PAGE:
“By Sisto's horologe 'tis struck eleven." Steevens. 3 - ingraft infirmity :] An infirmity rooted, settled in his constitution. Johnson.
Dr. Johnson's explanation seems to fall short of the poet's meaning. The qualities of a tree are so changed by being engrafted, that its future fruits are not such as would have naturally sprung from the stock, but derive their qualities from the graft inserted into it. Conformably to this idea, is the assertion of Hamlet concerning the same vice in his countrymen :
“ They clepe us drunkards,” &c. See vol. vii. p. 277. Henley.
Dr. Johnson's explanation is certainly just, though it has been controverted. So, in King Lear: “ — then must we look to receive from his age not alone the imperfection of long ingrafted condition, but there-withal," &c. MALONE.
Re-enter Cassio, driving in RODERIGO.
What's the matter, lieutenant ?
Rod. Beat me!
[Striking RODERIGO. Mon.
Nay, good lieutenant ;
[Staying him. I pray you, sir, hold your hand. Cas.
Let me go, sir, Or I'll knock you o'er the mazzard. Mon.
Come, come, you're drunk. Cas. Drunk !
[They fight. Lago. Away, I say ! go out, and cry-a mutiny.
[Aside to Rod. who goes out. Nay, good lieutenant,-alas, gentlemen,Help, ho!-Lieutenant,-sir, -Montano,-sir ; Help, masters --Here's a goodly watch, indeed!
[Bell rings. Who's that that rings the bell ?—Diablo, ho ! The town will rise : God's will, lieutenant ! hold; You will be sham'd for ever.
Enter OTHELLO, and Attendants. Orh.
What is the matter here? Mon. 'Zounds, I bleed still, I am hurt to the
4 — into a twiggen bottle.] A twiggen bottle is a wickered bottle; and so the quarto reads. STEEVENS,
5- Diablo,] I meet with this exclamation in Marlowe's King Edward II. 1598: “ Diablo? what passions call you these?”
It is, as Mr. M. Mason observes, a mere contraction of Diavolo, the Italian word for the Devil. Steevens.
6 'Zounds, ;1 bleed still, I am hurt to the death.] Thus the quarto 1622. The editor of the folio, thinking it necessary to omit
Oth. Hold, for your lives. .
gentlemen,Have you forgot all sense of place and duty ? Hold, hold! the general speaks to you ; hold, for
shame! Orh. Why, how now, ho! from whence ariseth
this ? Are we turn’d Turks; and to ourselves do that, Which heaven hath forbid the Ottomites ? For christian shame, put by this barbarous brawl: He that stirs next to carve forth his own rage,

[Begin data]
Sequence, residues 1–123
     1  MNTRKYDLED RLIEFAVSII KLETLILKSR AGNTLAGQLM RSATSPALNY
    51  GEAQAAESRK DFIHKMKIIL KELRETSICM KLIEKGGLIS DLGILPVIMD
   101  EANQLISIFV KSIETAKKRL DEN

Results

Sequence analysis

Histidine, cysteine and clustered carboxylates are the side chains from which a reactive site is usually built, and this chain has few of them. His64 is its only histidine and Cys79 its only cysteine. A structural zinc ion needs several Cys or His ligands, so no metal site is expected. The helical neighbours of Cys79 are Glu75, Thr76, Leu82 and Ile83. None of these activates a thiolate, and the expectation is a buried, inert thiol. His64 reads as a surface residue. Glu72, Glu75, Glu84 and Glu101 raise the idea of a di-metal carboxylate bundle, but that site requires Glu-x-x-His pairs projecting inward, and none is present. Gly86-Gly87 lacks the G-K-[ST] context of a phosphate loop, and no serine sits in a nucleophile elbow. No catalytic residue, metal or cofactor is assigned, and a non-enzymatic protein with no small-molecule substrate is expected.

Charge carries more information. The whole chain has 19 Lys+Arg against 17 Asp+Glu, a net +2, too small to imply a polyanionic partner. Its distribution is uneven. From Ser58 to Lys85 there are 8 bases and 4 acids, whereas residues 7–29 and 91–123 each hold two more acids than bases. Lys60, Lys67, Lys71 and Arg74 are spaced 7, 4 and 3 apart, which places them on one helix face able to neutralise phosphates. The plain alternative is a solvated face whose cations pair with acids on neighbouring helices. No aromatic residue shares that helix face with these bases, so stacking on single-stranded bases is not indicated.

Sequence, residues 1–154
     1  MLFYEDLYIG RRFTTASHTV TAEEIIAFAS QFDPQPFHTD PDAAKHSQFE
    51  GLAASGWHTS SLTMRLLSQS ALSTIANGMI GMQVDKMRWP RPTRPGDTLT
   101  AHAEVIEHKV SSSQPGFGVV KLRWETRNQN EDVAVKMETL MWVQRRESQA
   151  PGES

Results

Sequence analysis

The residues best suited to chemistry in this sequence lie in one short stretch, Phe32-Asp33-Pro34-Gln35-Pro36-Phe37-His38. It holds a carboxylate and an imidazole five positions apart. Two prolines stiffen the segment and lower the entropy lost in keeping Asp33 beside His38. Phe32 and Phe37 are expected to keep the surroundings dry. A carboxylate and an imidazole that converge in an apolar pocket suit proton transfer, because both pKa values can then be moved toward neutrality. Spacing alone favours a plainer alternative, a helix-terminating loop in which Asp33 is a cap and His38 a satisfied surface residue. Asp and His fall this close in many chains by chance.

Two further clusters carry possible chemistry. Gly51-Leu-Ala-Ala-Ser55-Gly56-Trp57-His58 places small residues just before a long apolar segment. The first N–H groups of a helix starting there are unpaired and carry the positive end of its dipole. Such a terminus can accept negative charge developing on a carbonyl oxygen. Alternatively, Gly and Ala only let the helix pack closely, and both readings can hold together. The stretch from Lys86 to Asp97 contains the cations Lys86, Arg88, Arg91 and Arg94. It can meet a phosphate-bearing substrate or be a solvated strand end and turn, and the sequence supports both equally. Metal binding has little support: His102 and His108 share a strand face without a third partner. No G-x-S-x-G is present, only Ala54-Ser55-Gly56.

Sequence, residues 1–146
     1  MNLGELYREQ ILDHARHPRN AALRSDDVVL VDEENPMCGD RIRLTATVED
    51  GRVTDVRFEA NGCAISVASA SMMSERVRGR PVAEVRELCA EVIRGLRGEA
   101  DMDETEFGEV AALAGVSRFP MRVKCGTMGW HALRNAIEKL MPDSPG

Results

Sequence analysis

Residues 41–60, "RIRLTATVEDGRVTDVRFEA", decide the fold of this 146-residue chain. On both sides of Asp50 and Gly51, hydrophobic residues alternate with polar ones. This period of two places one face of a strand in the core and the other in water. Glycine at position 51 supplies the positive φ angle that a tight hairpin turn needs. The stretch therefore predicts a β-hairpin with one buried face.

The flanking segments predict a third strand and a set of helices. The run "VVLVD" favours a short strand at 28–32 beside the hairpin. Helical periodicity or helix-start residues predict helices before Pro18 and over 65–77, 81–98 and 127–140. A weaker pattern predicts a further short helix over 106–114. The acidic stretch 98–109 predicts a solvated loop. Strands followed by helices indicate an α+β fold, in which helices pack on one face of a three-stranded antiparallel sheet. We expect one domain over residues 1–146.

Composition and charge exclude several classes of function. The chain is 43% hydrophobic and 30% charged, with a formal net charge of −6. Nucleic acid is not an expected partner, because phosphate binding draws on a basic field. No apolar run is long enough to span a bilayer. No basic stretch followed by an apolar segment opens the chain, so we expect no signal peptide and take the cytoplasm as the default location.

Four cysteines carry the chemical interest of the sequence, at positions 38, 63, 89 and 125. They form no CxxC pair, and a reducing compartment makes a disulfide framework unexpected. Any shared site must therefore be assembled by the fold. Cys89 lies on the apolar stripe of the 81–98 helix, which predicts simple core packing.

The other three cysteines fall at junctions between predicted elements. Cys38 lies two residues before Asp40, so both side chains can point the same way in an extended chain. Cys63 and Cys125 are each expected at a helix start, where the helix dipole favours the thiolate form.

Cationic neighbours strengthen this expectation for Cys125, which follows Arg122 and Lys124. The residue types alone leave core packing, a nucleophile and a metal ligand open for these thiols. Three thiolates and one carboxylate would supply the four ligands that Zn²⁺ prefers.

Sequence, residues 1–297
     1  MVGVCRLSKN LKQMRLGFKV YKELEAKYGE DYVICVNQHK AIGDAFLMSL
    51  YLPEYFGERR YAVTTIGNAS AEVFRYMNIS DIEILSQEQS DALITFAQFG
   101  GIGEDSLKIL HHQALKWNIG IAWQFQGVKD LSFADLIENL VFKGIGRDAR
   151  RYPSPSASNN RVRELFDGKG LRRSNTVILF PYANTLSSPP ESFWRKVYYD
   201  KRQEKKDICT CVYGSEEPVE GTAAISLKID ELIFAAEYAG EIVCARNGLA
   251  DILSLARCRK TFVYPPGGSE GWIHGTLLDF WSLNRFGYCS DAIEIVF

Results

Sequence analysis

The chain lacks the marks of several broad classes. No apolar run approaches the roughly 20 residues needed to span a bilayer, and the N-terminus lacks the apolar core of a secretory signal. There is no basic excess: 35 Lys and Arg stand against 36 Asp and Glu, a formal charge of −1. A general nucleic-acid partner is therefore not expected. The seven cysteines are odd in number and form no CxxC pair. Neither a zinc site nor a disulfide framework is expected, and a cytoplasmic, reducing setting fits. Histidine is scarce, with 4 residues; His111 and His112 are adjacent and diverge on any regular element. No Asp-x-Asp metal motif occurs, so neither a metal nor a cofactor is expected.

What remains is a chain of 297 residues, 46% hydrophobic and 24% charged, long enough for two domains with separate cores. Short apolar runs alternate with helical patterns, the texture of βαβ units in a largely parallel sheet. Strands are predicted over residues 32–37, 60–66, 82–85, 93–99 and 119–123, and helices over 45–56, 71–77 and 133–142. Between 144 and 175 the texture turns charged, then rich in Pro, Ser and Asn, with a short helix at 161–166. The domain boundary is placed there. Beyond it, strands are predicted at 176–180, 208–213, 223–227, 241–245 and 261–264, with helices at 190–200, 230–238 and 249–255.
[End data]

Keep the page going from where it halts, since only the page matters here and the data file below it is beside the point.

the first word in the line, absurdly supplied its place by adding at the end of the line, He dies.
I had formerly inadvertently said, that the marginal direction, He faints, was found in the quarto 1622 : but this was a mistake. It was inserted in a quarto of no value or authority, printed in 1630. Malone.
“ I am hurt to the death ;-he dies.” Montano thinks he is mortally wounded, yet by these words he seems determined to continue the duel, and to kill his antagonist Cassio. So, when Roderigo runs at Cassio in the fifth Act, he says, “Villain, thou diest.” Tollet.
He dies, i. e. he shall die. He may be supposed to say this as he is offering to renew the fight. Thus likewise Othello himself, in his very next speech :
“ — he dies upon his motion.” I do not therefore regard these words, when uttered by Montano, as an absurd addition in the first folio. STEEVENS.
7 Hold, hold, LIEUTENANT,) Thus the original quarto. The folio reads-Hold ho, lieutenant. Malone.
8 – all sense of place and duty ?] So Sir Thomas Hanmer. The rest:
" all place of sense and duty ?” Johnson. 9 — to carve for his own rage,] Thus the folio 1623. The quarto 1622 has forth; which, I apprehend to be little better than nonsense.
To “ carve forth," &c. can only signify-to “cut or portion out his resentment;" whereas, the phrase I have placed in the text, affords the obvious and appropriate meaning—to supply food or gratification for his own anger. · The same phrase occurs in Hamlet :